Why we should not Blame Gun Violence on Mental Illness.

Via Ciara Hall
on Nov 13, 2017
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On November 5, 2017, Devin Kelley walked into a Texas church and killed 26 people with a Ruger AR-556 semi-automatic rifle.

In the wake of this undeniable tragedy, many have been arguing about the best way to prevent it from happening again in the future. I mean, as many of us are probably aware, this is not the first time that there has been a shooting in the United States. In fact, according to the Gun Violence Archive, between January 1, 2017 to November 5, 2017 alone, there have been 307 mass shootings, averaging seven mass shootings a week.

So, yes—I think we all agree that this is a serious problem that needs to be stopped. But that begs the question: how do we do it?

The answer, for many people, has been to create stricter gun laws, something that has worked for other countries (Americans are 10 times more likely to be killed by guns than people in other developed countries). And—just to address my bias and get it out of the way—I agree with this approach.

But guns are not the only thing being blamed following a shooting.

After the Texas shooting, comedian Chelsea Handler tweeted:

Now, I’m sure that when Handler tweeted this, she did not mean to imply that if you give any random person with mental illness a gun, they will immediately start shooting. I’m sure that she did not mean that any person with depression, generalized anxiety disorder, or schizophrenia is just one gun away from murder. That would be an insane generalization to make. But, at the same time, it is common for people to blame mental illness when mass shootings like these occur.

In fact, following the Texas shooting, Donald Trump did not even mention the issue of gun control and instead, called it a “mental health problem.“ More than that, 63 percent of Americans believe that shootings have more to do with mental health problems than they do with gun control.

And, I mean, sure—why wouldn’t that be considered? It has been a common theme throughout many of these shootings.

Devin Kelley, the Texas shooter, escaped from a mental health facility in 2012 and had a violent history. James Holmes, who killed 12 people and injured 70 more at a shooting in Aurora, was diagnosed with a schizophrenic disorder. Stephen Paddock, responsible for the 2017 Las Vegas shooting, was on anti-anxiety medication and said to be susceptible to bouts of depression.

This does seem to be a theme that comes up, again and again, so why shouldn’t it be mentioned, right?

Well, one thing that I think should be stressed is that, of the three examples that I gave above, only one of those men was actually diagnosed with a mental illness. Stephen Paddock was never diagnosed with anything, and Devin Kelley, despite escaping from a mental health facility, was there due to accusations of spousal abuse and violence. He was never actually diagnosed either. In fact, only 14.8 percent of shooters in the United States are diagnosed as psychotic.

And of people in the general population who are diagnosed with mental illness, rates of violence are surprisingly low. In fact, it is estimated that people with mental illness contribute to only three to five percent of all violent crimes in the United States. And of these three to five percent of violent acts, most do not involve guns.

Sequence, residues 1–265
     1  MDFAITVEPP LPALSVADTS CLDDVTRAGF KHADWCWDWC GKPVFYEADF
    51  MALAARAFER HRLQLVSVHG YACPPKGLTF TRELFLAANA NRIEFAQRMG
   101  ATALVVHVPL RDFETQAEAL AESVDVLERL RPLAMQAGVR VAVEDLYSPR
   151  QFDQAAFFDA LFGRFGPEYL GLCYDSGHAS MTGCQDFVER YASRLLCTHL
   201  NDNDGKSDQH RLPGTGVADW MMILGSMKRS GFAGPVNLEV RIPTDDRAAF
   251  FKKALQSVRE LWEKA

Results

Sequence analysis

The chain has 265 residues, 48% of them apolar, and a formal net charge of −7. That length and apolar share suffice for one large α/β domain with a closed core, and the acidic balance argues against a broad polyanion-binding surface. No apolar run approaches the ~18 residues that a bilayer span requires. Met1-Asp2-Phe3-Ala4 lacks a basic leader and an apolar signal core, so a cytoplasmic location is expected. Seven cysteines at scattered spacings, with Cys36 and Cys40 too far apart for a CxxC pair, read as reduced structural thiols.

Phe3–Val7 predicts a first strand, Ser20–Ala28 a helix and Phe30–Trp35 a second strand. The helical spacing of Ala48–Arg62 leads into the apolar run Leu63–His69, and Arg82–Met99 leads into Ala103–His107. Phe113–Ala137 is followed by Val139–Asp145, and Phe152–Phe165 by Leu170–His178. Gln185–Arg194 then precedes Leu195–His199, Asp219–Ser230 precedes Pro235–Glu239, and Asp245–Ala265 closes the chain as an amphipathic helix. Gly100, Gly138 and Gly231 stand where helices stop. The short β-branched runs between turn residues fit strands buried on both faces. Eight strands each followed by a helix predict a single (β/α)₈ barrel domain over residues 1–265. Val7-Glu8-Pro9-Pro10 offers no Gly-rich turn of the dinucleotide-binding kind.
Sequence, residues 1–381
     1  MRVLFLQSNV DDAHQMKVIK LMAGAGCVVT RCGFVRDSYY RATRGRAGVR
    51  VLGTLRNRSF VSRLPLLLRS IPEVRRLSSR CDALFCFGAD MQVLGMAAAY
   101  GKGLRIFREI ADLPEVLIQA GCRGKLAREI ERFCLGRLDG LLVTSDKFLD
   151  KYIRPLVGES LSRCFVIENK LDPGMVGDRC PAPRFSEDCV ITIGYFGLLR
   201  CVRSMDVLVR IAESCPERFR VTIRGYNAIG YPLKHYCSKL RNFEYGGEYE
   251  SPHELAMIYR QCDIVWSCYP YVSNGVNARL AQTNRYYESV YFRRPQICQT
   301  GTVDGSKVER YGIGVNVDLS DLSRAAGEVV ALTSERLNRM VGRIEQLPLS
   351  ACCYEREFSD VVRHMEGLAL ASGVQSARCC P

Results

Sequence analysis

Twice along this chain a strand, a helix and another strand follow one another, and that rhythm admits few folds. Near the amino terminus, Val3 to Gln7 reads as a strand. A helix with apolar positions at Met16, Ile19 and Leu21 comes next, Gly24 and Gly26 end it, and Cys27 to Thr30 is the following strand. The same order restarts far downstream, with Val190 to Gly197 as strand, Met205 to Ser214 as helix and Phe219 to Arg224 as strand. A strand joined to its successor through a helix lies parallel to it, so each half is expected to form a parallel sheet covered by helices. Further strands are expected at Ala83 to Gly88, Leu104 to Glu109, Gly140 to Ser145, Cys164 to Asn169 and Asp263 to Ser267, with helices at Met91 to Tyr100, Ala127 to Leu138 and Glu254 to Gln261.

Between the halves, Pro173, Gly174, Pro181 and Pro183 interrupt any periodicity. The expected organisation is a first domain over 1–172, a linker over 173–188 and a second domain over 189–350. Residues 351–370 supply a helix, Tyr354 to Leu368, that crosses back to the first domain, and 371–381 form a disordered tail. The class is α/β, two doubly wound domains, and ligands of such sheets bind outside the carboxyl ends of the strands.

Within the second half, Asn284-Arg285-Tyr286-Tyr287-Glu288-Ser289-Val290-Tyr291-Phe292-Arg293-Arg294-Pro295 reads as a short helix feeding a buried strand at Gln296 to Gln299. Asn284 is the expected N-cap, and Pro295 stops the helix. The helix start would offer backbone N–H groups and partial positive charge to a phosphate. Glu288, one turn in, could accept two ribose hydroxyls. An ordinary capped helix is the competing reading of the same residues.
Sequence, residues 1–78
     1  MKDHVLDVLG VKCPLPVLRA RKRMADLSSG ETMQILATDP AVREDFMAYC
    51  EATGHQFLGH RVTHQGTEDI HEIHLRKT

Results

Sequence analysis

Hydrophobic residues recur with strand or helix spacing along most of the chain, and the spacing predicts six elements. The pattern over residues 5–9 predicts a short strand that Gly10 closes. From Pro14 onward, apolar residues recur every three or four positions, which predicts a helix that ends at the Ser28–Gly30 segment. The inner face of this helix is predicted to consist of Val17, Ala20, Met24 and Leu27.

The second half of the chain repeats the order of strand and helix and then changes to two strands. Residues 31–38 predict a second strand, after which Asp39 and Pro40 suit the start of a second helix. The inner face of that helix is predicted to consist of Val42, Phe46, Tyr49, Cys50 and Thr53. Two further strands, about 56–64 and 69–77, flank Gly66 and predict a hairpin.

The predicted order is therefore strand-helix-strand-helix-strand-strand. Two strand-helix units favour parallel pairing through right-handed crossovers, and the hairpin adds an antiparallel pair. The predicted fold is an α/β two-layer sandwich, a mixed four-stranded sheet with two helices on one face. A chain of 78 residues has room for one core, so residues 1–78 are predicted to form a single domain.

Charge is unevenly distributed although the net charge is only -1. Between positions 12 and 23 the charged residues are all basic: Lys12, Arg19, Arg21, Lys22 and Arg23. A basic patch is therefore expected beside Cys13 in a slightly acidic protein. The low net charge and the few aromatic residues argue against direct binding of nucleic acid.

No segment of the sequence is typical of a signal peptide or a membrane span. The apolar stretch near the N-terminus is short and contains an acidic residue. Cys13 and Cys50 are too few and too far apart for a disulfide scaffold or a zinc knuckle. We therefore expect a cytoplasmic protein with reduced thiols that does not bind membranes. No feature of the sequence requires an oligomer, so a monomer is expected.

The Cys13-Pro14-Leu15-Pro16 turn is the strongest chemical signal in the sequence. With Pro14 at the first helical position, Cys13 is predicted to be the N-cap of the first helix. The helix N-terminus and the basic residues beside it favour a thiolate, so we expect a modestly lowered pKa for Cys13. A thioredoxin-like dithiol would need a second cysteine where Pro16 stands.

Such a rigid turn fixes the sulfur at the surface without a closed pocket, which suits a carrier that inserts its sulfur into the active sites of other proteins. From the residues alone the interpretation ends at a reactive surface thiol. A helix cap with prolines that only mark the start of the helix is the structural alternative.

In fact, a mentally ill person in America is more likely to be the victim of their own gun-related violence. In 2013, guns killed 33,636 people, and nearly two-thirds of these were suicides.

More:

The problem that needs to be addressed here is not mental illness. There are thousands of mentally ill people who go their whole lives without once wanting to kill anyone.

I happen to be one of them.

Saying that shootings are a problem of mental health contributes to a society that views every person with dissociative identity disorder as Norman Bates, and every psychopath as Hannibal Lecter.

It inspires fear against the mentally ill, fear that has contributed to the fact that those with mental illness are actually 10 times more likely to be the victim of a violent crime. It also creates an environment that makes it harder for people with mental illness to seek help—they know that if they do, others will fear them. They do not want to be perceived as dangerous, and so they suffer in silence for society’s sake.

As Jeffrey Swanson, professor in psychiatry and behavioral sciences at Duke University School of Medicine, said, “Imagine if [Trump] had said, ‘veteran’—that this was a ‘veterans’ issue. He’d besmirch the whole community. Well, that’s what he’s doing with mental illness.”

We need to stop blaming violence on those of us suffering with mental illness, because we are not solely responsible for it. We need to stop stigmatizing individuals who need help, who should be made to feel safe and supported so that they can reach out. Nobody should have to deal with a mental illness alone, but that is exactly what this sort of conversation is causing.

And if you are someone who is dealing with a mental illness right now, I sincerely hope that you find love and support from your community. I hope that you find or have someone who you can talk to, who won’t judge you or look down on you, because you do not deserve any of that.

You are a beautiful, wonderful, valid individual, and I sincerely hope you know that, even in the wake of all this mess.

~

Author: Ciara Hall
Image: Wikimedia Commons; Cargocollective.com
Editor: Catherine Monkman
Copy Editor: Nicole Cameron
Social Editor: Yoli Ramazzina

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About Ciara Hall

Ciara Hall is a young writer who enjoys weaving tales of fantasy and blogging about her personal thoughts, feelings, and the everyday happenings of her life. Follow her work on My Trending Stories or visit her website.

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